The clocks have changed and the evenings draw in, but November has been so warm. Primroses are flowering, butterflies and bees are out and about. I’ve been in my shirt sleeves working my spaniel, flushing out the pheasants from the woods. The leaves have been slow to fall from the trees and the grass is still growing, although we could have done with that growth back in the summer.
Is this the new normal? On the plus side, at least we’ve saved on heating costs, and the cattle have only just been housed as it has started to get wet under foot.
The fattening cattle were the last bunch to bring in, a task that proved testing. They ambled out of the field and walked the mile down the road to the home farm quite happily. There was a concerning moment when they stopped to look longingly at a field of enticingly lush grass, but a call and a shake of a bag reminded them they were supposed to be following us.
On arrival in the farmyard they went on strike, flatly refusing to enter the shed. In the sun and the rain, we tried every tactic we could think of – and failed. Eventually we made a pen around them and loaded them in batches onto a trailer to take them the 40 metres to their destination.
The weather is forecast to get colder, which will bring some advantages, hopefully reducing the risks of cattle getting pneumonia in the sheds and putting an end to the high levels of parasites affecting sheep. Many flocks have had problems with nematodirus and haemonchus. I was advised to drench my lambs with Zolvix, an expensive wormer I’ve never had to use before.
The bumper crop of acorns this year has also taken its toll as both sheep and cattle are partial to eating them, the consequences of which can be fatal.
The shepherd’s year has begun, with the rams joining the ewes in early November for an April lambing. This year we purchased a new Charolais ram I’ve named ‘Mr Jump’. After collecting him, I decided I’d put him in the home paddock with a fairly docile blue Texel for company to help him settle in. Mr Jump took one look at his chosen companion and literally flew over the sheep hurdle blocking the gateway. As per the vet’s advice I had planned to keep him separate but had to abandon that idea and resort to putting Mr Jump and the rest of my rams together into a snug-fit pen, where they could get to know one another without coming to blows.
Once the rams had got acquainted and quite hungry, I released them onto fresh grazing and they immediately set about filling their stomachs. Next morning, I was anxious to see how they were all getting on, especially because another of my rams is known as ‘Mr Bump’; no explanation needed for his traits.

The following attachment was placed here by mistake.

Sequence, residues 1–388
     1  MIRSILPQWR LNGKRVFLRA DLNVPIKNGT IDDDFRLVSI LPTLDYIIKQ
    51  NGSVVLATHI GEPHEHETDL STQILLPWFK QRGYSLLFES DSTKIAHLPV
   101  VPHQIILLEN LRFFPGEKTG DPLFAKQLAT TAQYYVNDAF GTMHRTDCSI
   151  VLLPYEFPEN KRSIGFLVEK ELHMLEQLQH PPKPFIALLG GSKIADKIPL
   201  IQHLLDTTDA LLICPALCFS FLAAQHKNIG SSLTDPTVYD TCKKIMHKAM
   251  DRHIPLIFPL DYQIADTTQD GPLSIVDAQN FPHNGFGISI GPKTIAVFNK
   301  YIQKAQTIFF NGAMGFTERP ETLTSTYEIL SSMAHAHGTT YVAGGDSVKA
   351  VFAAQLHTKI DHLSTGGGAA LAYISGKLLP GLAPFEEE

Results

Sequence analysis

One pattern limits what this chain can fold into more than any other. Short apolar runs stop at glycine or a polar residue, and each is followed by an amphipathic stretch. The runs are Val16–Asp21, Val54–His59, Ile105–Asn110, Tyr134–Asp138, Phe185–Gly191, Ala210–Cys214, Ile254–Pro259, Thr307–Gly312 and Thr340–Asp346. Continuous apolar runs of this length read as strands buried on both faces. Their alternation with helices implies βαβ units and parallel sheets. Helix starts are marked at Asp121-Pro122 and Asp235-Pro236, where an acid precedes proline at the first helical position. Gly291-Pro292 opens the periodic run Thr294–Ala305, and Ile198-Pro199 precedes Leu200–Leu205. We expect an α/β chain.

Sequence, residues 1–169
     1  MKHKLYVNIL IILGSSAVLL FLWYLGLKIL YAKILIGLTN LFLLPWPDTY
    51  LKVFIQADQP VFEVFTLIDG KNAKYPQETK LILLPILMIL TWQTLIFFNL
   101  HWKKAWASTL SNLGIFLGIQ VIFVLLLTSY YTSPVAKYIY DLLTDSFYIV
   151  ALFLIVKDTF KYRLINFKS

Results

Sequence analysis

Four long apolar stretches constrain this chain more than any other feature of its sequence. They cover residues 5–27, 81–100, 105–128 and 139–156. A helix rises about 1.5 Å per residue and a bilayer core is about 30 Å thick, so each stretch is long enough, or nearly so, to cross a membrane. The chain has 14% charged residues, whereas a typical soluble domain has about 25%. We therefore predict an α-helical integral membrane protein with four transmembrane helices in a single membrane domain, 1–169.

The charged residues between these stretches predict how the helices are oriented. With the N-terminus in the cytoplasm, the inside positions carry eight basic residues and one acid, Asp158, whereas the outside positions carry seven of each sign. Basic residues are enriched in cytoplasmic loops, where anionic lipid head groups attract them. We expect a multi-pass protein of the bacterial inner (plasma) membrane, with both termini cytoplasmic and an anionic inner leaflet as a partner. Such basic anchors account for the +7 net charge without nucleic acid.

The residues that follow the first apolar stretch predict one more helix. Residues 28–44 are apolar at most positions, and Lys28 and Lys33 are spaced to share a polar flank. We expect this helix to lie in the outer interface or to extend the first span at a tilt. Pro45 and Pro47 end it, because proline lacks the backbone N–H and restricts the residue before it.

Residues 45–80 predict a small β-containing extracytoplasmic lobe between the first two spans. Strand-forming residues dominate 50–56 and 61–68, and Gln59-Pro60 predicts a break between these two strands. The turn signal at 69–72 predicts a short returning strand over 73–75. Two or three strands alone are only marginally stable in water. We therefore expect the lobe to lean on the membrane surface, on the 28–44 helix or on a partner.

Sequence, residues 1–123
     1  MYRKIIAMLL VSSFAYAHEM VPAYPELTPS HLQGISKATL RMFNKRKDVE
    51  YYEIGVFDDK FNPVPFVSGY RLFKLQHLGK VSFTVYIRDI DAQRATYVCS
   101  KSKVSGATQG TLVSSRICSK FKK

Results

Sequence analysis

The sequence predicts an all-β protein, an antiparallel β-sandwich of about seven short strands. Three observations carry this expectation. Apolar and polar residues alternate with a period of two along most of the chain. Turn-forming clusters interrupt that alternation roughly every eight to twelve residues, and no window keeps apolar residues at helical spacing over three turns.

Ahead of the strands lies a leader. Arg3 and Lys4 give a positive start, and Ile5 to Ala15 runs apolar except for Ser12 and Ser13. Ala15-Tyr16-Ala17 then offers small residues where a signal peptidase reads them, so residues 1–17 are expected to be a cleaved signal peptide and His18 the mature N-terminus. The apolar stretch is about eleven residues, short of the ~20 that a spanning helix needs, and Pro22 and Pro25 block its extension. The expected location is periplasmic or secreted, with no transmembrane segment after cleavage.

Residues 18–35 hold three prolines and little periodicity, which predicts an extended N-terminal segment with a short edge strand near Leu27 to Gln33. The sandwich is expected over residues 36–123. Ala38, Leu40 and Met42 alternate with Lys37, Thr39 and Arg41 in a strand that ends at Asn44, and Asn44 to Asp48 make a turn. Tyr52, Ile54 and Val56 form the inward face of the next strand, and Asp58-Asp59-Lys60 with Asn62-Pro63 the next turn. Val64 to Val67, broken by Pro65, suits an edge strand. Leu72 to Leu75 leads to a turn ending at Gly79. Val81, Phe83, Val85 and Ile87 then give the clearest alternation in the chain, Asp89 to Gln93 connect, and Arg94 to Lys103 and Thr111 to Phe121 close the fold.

He’s not my best buy, but my daughter says Mr Bump’s her favourite because he’s such a character. I’m guessing he was hand reared, he’s certainly exuberant and he has no idea of his own strength. However, he’s a good worker and throws robust lambs. Anyway, thankfully the relationships remained amicable. When the rams were put out with the ewes there was a distinct lack of pillow talk; it was on with the job. Lambing promises to start with a flourish.
Our family enjoyed attending the East Sussex Ploughing Match in September. I entered our collie pups in the dog show and was delighted with a win in the brace category. The grandchildren entered artwork and loved the tractor ride and watching all the ploughs at work.
We also had entries in the cookery section; admittedly my ginger biscuits were crispy, with the judges obviously failing to appreciate that if you dunk them in tea they’re delicious. But my chickens scored a hit with their eggs.
Sadly, my hens can no longer be free range but are residing inside, thanks to the restrictions in place to prevent the spread of bird flu, which seems to be an increasing problem, year on year.
Some supermarkets are rationing the numbers of eggs bought by customers due to supply shortages. Egg production costs have risen and the retailers have been reluctant to pay accordingly. Who can blame producers for reducing flock sizes, temporarily stopping production or simply leaving the industry? It must be stressful working with birds that could potentially be struck down with bird flu, especially if you’re struggling to make your enterprise pay.
We were keen to get our hedge cutting done early this autumn, but on its first day out our hedge cutter developed a problem with the main beam. We called Tuckwells and then Bomfords, who were very efficient at ordering a replacement part, and it was soon fixed. So we’re up and running, roadside only now as there was flooding in the valley last night. This weather must surely be topping up the reservoirs.
Did George Eustice value his own position as Environment Secretary more than safeguarding our agricultural industry? I’m appalled that now as a back bencher he admits that the Australian and New Zealand trade deals were not good for UK farmers. If he believed that, why didn’t he stand up for us?
The closure of Tottingworth abattoir is worrying. The advisor for red meat policy in DEFRA replied to my letter regarding the plight of small abattoirs saying: “I would like to reassure you that DEFRA is fully supportive of finding innovative solutions to address the problems faced by the decline in small abattoir numbers.”
I’m not reassured. There are numerous reports, committees and meetings on the subject but precious little action. DEFRA acknowledges there’s a problem with regulations and staffing so why haven’t solutions been implemented? Words are not enough; we need positive action.
Farming is such fun. I hope you’re all going to take time to enjoy the festivities over Christmas. If you need some supplies, we’re holding a pop-up sale at Hockham farm from 9am to 1pm on 17 December, selling our beef and Pevensey Blue cheese made by Hazel and Martin using Court Lodge organic milk.
Wishing all readers a happy Christmas.